Roth IRA: Invest for a Tax Break
A Roth IRA is a retirement account created to encourage individuals to save by offering a tax benefit. The account holds investments selected by the individual– such as mutual funds, stocks, bonds and ETFs, selected by the account owner. Unlike Traditional IRAs, contributions made into a Roth IRA are not tax-deductible – however contributions and investment earnings grow tax-free. There is no tax on Roth IRA withdrawals in retirement.
Your eligibility is determined by income and if you earn too much, you will not be able to contribute to a Roth IRA. In 2019, the amount individuals can contribute to a Roth IRA begins to shrink at certain modified, adjusted grow income levels and keeps shrinking as income rises, until your ability to contribute is eliminated completely. For more information about your eligibility and annual contribution limits, please click here.
Highlights: Roth IRA
- If you satisfy the eligibility requirements, qualified distributions from a Roth IRA are tax-free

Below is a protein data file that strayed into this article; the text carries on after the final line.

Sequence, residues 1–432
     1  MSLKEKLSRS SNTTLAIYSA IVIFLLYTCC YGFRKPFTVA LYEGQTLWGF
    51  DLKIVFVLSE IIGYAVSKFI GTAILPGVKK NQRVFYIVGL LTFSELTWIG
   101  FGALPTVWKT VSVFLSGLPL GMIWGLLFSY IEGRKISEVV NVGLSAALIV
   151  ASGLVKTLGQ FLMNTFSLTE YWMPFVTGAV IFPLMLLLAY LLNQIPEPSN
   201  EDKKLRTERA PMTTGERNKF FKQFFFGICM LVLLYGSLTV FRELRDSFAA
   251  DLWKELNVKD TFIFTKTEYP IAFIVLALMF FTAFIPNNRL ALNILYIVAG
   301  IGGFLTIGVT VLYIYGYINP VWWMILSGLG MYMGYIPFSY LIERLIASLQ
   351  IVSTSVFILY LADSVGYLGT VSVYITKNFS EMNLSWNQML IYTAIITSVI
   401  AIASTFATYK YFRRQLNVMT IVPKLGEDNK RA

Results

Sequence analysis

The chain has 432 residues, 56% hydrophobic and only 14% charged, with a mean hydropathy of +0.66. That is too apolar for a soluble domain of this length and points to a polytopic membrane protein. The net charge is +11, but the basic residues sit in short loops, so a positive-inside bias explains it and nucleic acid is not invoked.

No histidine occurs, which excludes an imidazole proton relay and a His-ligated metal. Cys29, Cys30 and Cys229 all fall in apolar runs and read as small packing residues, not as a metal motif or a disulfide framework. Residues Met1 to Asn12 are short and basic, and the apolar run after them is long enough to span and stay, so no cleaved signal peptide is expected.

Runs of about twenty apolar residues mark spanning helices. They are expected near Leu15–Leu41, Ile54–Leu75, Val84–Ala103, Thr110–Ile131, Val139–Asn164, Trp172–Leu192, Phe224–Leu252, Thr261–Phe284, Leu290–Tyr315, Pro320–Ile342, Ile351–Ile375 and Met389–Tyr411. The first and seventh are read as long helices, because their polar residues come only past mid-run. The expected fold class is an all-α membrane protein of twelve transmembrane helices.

- You can make contributions to your Roth IRA even after age 70 ½
- You can leave amounts in your Roth IRA throughout your lifetime
- When the retirement account is set up, you must establish it as a Roth IRA
- The same combined contribution limit applies to all of your Roth and Traditional IRAs.
Compare features of Roth and Traditional IRAs, each enables you to save for retirement, but plan differences may impact which is more suitable for your situation.
Most pre-retirement payments received from a retirement plan can be “rolled over” into an IRA within 60 days. You can also request your financial institution or retirement plan directly transfer the payment to an IRA.
Learn more about Roth and Traditional IRAs – click here to get more information on the IRS website.